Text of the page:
Trigonometry - Unit Circle,
Trigonometry - Graphing Amplitude,
Trigonometry - Graphing Period,
Trigonometry - Graphing Phase Shift, and
Trigonometry - Graphing Comprehensive

Today we start trigonometric functions. We’ll begin with a review of the basics of trigonometry — if you remember everything about trigonometry, you can skip this part (but please don’t!). Then we’ll think about how these behave as functions, and look at their graphs.

Lesson Notes (Notability – pdf):

This .pdf file contains most of the work from the videos in this lesson. It is provided for your reference.

Review of trigonometry

a. Angles

We measure angles using two different systems, degrees and radians. In degrees, a full circle is 360^\circ. In radians, a full circle is 2\pi \text{rad}. Thus, we have 360^\circ=2\pi radians. If we consider a half-circle (divide both sides by two), we get:

    \[180^\circ=\pi\]

Although most people are more familiar with degrees from their day-to-day lives, most mathematics at this level and above use radians. It will help you to get familiar with common angles in radians! The first video gives a review.

Why do mathematicians and scientists prefer radians to degrees? Great question!

VIDEO: Review of angles, radian measure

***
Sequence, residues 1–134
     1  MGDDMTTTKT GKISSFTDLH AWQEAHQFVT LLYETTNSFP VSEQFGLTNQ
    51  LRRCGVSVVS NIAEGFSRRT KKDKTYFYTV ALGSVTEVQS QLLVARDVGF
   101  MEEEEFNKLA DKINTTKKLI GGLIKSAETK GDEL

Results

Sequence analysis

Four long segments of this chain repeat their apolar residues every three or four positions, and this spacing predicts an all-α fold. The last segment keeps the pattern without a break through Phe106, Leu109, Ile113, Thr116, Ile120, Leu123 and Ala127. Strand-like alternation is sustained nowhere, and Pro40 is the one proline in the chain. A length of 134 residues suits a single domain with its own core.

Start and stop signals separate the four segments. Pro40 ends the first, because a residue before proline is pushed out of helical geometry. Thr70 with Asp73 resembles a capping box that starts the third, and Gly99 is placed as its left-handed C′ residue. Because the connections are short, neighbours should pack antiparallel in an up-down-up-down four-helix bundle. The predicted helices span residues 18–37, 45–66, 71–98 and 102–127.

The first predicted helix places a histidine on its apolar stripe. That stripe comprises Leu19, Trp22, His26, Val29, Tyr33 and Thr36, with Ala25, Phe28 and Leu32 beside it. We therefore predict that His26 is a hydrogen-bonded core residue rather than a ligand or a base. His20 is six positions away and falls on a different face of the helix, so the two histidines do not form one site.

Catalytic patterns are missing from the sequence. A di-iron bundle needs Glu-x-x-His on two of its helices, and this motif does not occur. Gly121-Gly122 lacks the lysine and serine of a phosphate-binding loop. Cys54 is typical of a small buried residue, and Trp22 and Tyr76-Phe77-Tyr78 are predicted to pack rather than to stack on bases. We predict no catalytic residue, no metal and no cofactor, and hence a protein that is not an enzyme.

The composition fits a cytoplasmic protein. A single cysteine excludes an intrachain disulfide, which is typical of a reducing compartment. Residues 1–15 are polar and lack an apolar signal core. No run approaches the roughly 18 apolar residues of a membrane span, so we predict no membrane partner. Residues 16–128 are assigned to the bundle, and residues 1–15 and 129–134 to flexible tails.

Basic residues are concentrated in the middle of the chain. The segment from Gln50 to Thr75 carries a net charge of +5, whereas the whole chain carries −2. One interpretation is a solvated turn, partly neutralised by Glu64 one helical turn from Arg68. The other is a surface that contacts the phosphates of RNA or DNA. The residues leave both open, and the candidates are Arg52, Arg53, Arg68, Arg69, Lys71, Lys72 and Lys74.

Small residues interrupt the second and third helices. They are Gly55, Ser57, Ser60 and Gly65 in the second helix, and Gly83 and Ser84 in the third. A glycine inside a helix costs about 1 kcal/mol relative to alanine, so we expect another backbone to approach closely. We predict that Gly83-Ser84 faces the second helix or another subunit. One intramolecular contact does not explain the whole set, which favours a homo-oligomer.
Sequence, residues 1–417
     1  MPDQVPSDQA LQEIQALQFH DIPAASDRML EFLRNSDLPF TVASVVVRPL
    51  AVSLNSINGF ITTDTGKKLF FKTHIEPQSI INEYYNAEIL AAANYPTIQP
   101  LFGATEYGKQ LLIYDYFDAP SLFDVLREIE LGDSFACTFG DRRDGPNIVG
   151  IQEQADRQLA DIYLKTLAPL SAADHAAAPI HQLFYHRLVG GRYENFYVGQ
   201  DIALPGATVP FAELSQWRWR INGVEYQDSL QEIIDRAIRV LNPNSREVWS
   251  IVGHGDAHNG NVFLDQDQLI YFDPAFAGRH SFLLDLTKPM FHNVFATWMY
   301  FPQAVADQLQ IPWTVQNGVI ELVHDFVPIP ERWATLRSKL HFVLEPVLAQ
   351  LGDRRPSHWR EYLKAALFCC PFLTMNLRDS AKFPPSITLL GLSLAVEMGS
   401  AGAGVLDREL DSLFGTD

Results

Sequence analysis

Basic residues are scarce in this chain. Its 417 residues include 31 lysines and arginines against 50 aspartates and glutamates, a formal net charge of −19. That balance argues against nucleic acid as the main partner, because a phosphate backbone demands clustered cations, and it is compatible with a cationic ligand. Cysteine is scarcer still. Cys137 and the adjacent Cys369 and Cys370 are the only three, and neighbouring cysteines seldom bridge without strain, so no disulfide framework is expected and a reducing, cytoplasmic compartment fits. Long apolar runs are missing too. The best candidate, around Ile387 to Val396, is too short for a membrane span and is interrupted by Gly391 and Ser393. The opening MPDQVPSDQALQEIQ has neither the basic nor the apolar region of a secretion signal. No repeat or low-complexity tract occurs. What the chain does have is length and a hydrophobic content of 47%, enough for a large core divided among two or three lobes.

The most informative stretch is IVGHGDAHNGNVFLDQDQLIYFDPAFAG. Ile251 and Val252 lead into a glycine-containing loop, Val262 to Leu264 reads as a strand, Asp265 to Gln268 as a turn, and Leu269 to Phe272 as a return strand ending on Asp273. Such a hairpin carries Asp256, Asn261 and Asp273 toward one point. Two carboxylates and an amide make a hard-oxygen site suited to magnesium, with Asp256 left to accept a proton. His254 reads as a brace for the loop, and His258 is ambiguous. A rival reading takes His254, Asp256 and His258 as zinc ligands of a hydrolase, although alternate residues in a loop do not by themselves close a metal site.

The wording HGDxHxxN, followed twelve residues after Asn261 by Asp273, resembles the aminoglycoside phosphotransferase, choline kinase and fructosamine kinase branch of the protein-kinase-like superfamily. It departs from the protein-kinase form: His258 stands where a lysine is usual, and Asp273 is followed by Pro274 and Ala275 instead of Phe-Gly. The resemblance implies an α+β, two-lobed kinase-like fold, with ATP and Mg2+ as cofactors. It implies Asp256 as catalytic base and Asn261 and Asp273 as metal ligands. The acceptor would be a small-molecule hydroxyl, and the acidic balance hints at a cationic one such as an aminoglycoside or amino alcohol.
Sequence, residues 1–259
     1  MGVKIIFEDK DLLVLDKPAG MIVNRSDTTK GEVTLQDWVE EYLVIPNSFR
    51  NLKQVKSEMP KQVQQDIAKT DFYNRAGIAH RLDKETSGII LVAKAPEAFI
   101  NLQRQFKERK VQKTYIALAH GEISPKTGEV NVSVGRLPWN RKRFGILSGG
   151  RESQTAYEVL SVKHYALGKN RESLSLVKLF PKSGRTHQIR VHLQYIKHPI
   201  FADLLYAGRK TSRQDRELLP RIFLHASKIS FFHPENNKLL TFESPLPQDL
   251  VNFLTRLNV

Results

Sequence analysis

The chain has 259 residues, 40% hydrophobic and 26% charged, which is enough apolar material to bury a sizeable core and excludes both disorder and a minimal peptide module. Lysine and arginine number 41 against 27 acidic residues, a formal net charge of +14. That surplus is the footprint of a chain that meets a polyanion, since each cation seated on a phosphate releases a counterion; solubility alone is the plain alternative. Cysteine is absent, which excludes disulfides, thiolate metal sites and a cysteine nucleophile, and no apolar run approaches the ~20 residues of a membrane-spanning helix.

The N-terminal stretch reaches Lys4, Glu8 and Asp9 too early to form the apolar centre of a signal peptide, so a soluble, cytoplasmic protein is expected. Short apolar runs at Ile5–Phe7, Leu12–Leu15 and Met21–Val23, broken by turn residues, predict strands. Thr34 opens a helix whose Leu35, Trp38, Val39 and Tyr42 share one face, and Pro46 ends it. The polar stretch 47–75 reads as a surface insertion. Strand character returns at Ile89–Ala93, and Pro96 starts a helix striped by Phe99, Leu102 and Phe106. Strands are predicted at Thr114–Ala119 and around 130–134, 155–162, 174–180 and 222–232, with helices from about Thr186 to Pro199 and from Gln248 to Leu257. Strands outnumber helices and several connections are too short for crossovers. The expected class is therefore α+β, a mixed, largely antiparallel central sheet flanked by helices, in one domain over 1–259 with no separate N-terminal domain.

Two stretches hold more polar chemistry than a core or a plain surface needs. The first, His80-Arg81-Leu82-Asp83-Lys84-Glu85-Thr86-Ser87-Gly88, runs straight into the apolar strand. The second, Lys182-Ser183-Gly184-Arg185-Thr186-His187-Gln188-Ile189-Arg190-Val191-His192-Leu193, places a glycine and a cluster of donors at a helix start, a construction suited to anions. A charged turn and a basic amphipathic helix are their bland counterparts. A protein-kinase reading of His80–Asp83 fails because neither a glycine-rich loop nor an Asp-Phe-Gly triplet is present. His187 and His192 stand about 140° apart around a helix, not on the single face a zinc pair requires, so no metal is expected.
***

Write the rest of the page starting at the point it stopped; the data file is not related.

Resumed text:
Common angles, in degrees and radians
Common angles, in degrees and radians.

b. Trigonometric Functions

Definition. To define the trigonometric functions, we consider the following diagram: the initial side of an angle x lies on the positive x-axis, and the terminal side of the angle passes through a point P(a,b).

Diagram: Definition of Trigonometric Functions

The distance from the origin (0,0) to the point P is r (note: if we know a and bg we can calculate r by using the Pythagorean Theorem, r=\sqrt{a^2+b^2}). Then the trigonometric functions (sine, cosine, tangent, cosecant, secant, cotangent) of x are defined:

    \[\sin(x)=\frac{b}{r},\quad \cos(x)=\frac{a}{r},\quad\tan(x)=\frac{a}{b}\]


    \[\csc(x)=\frac{r}{b},\quad \sec(x)=\frac{r}{a},\quad\cot(x)=\frac{b}{a}\]

VIDEO: Review – definitions of trigonometric functions

Next, we need to know the values of the trig functions for some common angles. Once again, this is a review of material from previous courses – the following video will take you through some examples, but for more details I recommend checking out the videos on our video resource page.

VIDEO: Values of trig functions at common angles

Special Triangles: These allow us to find the values of the trig functions at various common angles.
Special Triangles: These allow us to find the values of the trig functions at various common angles.
These are the values of sine, cosine and tangent for common angles in the first quadrant.  Learn them, memorize them, get to know them!
These are the values of sine, cosine and tangent for common angles in the first quadrant. Learn them, memorize them, get to know them!

This is the end of the ‘review’ part of the lesson. Need a little more help? Take a look at the videos on our video resource page.

Graphs of trigonometric functions

Now we turn to the main idea of this lesson. We begin by looking at the graphs of the basic trig functions, \sin x, \cos x, and \tan x.

VIDEO: Graphs of basic trig functions

Example 17.8. Graph the following functions:
f(x)=\sin (x)+3,\quad g(x)=4 \cdot \sin (x), \quad h(x)=\sin (x+2),\quad i(x)=\sin (3 x)
j(x)=2 \cdot \cos (x)+3, \quad k(x)=\cos (2 x-\pi), \quad l(x)=\tan (x+2)+3

VIDEO: Example 17.8 modifying the graphs of trig functions – amplitude, period, phase shift.